UK menus failing to convey progress made in sustainable seafood sourcing
Restaurant and pub chains in the United Kingdom have been successfully scaling up their efforts when it comes to sourcing sustainable seafood, but continue to struggle when it comes to informing their customers of these endeavors, finds a new study of the sector.
The latest assessment of high street restaurant chains and pubs undertaken by the Marine Conservation Society (MCS) and online restaurant rating organization Fish2fork claims that establishing where these outlets’ seafood comes from is one of the biggest barriers for diners trying to eat sustainable fish.
Eleven outlets were assessed on the sustainability of the seafood that features on their menus with Cafe Rouge and Bella Italia coming out on top, closely followed by Harry Ramsden’s, Beefeater, Côte Brasserie and Carluccio’s.
Of those evaluations, Prezzo performed worst with Wetherspoons and Itsu only faring slightly better.
A key problem was that even when pubs or restaurant buy seafood that is caught or produced responsibly, it can be difficult for them to impart where efforts to seek out sustainable supplies have been made to their diners.
They need to bolster traceability and do more to tell their diners about the seafood they are serving, said Samuel Stone, head of fisheries and aquaculture at MCS.
“When eating out on the high street, diners need to know they aren’t going to be consuming seafood that is red rated or listed as endangered. Telling diners where and how seafood has been produced and using the various seafood eco-labels available is key to this,” said Stone.
In this assessment, restaurants were rated on a scale of 5 red fish (the worst) to 5 blue fish (the best). With 5 red fish at the bottom of the scale, ratings improve, half a fish at a time, to rise to 4.5 red fish, 4 red fish and so on until 0.5 red fish. From here ratings rise from 0.5 blue fish to 5 blue fish.
Eight restaurant chains surveyed over the last 10 months achieved Fish2fork blue fish ratings, which marked an improvement from the 2015 assessment in which seven out of 12 used seafood from overfished areas of the sea or failed to be transparent about the origins of their fish and shellfish.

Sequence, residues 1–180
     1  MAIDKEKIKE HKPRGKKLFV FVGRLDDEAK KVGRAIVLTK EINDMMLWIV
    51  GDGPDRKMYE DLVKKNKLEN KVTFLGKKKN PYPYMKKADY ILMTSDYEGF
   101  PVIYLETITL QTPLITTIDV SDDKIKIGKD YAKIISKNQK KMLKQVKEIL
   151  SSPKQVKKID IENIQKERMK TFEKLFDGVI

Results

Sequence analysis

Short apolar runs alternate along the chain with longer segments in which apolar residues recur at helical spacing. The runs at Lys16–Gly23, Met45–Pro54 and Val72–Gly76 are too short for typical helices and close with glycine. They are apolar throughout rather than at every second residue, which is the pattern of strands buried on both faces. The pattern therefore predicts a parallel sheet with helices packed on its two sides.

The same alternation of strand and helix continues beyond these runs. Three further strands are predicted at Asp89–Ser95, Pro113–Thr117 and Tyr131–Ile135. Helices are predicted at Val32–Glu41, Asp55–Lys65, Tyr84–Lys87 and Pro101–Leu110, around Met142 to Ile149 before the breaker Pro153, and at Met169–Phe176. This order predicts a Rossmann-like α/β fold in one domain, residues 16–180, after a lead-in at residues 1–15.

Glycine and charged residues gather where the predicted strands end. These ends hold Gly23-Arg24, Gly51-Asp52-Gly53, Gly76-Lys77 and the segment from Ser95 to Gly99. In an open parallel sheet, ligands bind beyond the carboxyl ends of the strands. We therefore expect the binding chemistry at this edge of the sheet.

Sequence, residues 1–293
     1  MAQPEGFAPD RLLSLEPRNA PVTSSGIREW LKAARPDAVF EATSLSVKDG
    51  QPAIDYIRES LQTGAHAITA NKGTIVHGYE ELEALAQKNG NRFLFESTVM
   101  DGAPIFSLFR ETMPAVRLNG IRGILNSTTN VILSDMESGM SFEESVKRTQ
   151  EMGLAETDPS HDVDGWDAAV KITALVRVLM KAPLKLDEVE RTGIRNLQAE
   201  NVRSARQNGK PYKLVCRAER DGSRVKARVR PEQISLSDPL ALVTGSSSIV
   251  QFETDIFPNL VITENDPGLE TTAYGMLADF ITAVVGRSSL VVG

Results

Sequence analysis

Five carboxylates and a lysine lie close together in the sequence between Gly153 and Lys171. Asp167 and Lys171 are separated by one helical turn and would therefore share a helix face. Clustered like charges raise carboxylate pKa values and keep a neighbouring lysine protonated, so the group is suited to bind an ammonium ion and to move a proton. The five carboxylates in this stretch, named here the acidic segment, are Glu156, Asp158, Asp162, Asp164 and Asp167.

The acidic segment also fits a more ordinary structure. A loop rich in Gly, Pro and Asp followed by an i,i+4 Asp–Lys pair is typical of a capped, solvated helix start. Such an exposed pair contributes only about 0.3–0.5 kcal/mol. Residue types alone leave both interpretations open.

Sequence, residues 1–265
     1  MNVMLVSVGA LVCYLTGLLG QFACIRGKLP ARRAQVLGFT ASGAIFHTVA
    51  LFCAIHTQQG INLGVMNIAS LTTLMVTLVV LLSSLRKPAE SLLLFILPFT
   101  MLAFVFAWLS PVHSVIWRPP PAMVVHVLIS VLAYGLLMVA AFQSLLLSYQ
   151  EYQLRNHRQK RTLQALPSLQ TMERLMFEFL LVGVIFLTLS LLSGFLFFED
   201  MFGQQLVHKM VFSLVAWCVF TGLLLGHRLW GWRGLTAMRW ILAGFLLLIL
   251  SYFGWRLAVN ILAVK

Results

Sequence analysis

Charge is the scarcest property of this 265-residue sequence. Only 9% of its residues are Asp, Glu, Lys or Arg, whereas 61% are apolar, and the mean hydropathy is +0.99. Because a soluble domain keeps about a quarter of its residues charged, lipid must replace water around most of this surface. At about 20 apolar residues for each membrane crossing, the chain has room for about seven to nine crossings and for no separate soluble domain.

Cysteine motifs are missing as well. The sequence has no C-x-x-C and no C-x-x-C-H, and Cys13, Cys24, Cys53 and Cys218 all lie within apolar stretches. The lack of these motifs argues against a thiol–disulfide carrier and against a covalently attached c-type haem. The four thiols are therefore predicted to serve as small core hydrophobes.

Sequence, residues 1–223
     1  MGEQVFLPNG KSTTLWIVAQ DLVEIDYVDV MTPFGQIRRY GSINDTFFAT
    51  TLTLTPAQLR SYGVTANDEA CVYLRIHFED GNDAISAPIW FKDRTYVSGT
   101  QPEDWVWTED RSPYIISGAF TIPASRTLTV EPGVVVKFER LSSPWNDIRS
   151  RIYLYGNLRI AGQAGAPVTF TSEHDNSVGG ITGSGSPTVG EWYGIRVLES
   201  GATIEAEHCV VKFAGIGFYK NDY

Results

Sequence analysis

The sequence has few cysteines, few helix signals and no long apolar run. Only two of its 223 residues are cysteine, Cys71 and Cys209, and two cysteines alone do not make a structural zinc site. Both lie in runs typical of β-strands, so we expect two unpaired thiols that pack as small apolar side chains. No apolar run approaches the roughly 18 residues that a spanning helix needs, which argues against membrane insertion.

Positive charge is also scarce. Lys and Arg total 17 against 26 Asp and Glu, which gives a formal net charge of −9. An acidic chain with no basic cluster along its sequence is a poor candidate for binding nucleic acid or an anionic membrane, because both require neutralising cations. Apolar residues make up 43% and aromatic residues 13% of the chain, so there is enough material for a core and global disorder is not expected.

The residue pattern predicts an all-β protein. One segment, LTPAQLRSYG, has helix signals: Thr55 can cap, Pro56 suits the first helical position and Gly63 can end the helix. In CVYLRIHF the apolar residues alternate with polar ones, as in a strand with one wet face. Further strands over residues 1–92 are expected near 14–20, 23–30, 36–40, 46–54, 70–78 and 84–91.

During the latest ratings process, six of the 11 restaurants changed their sourcing practices to be more sustainable including Cafe Rouge which achieved a 3.5 blue fish rating and Bella Italia was rated 3 blue fish, making them highly sustainable restaurants.
“It is fantastic that some of the U.K.’s most popular restaurants really are making an effort to seek out sustainable sources of seafood, often as a result of engaging with Fish2fork,” said Tim Glover, managing director of Fish2fork. “But we are troubled that it is so often difficult for diners to know how sustainable a restaurant’s seafood is. We would urge restaurants to make a greater effort to make it clear on their menus where their seafood comes from, though we recognize that it can be difficult for them to get detailed information from suppliers. Sustainability is a vital ingredient in any dish, but diners shouldn’t be left to guess whether it’s there or not.”
Tim Doubleday, chief financial officer at the Casual Dining Group, which includes Cafe Rouge and Bella Italia, said the company recognized “the profound responsibility” all restaurant businesses have in sourcing fish ethically and sustainably, and that it was striving to be recognized as a leader in this area.
“In partnership with government bodies and respected organizations such as Fish2fork, we have worked hard to scrutinize our supply chain, systems and processes to categorically ensure sustainable sourcing across all our brands – Café Rouge, Bella Italia, Las Iguanas and La Tasca. We are delighted to be recognized in this way by Fish2fork and look forward to building on our partnership in the future,” said Doubleday.
Other restaurant chains praised for their level of seafood sustainability were Harry Ramsden's, Côte Brasserie, Beefeater, Brewers Fayre, Carluccio’s and Eat.
Fish2fork and MCS will assess more restaurant chains later this year.
Transparency over the sources of king prawns (shrimp) and seabass were the types of seafood used by chain restaurants giving the biggest causes of concern. Wetherspoons and Prezzo both failed to make it clear, either on their menus or direct to Fish2fork, where their king prawns derived. Itsu has prawns on its menus but fails even to say what type are used. Similarly, Prezzo served seabass but failed to make clear if it was farmed or wild.
A lack of transparency and information makes it impossible for the public to be sure the seafood being served is from well-managed fisheries and fish farms, said the assessment.
The latest assessment’s ratings were as follows:
Cafe Rouge – 3.5 blue
Bella Italia – 3 blue
Harry Ramsden’s – 2.5 blue
Beefeater – 2.5 blue
Côte Brasserie – 2.5 blue
Carluccio’s – 2.5 blue
Brewers Fayre – 2 blue
EAT – 2 blue
Wetherspoons – 0.5 red
Itsu – 0.5 red
Prezzo – 1 red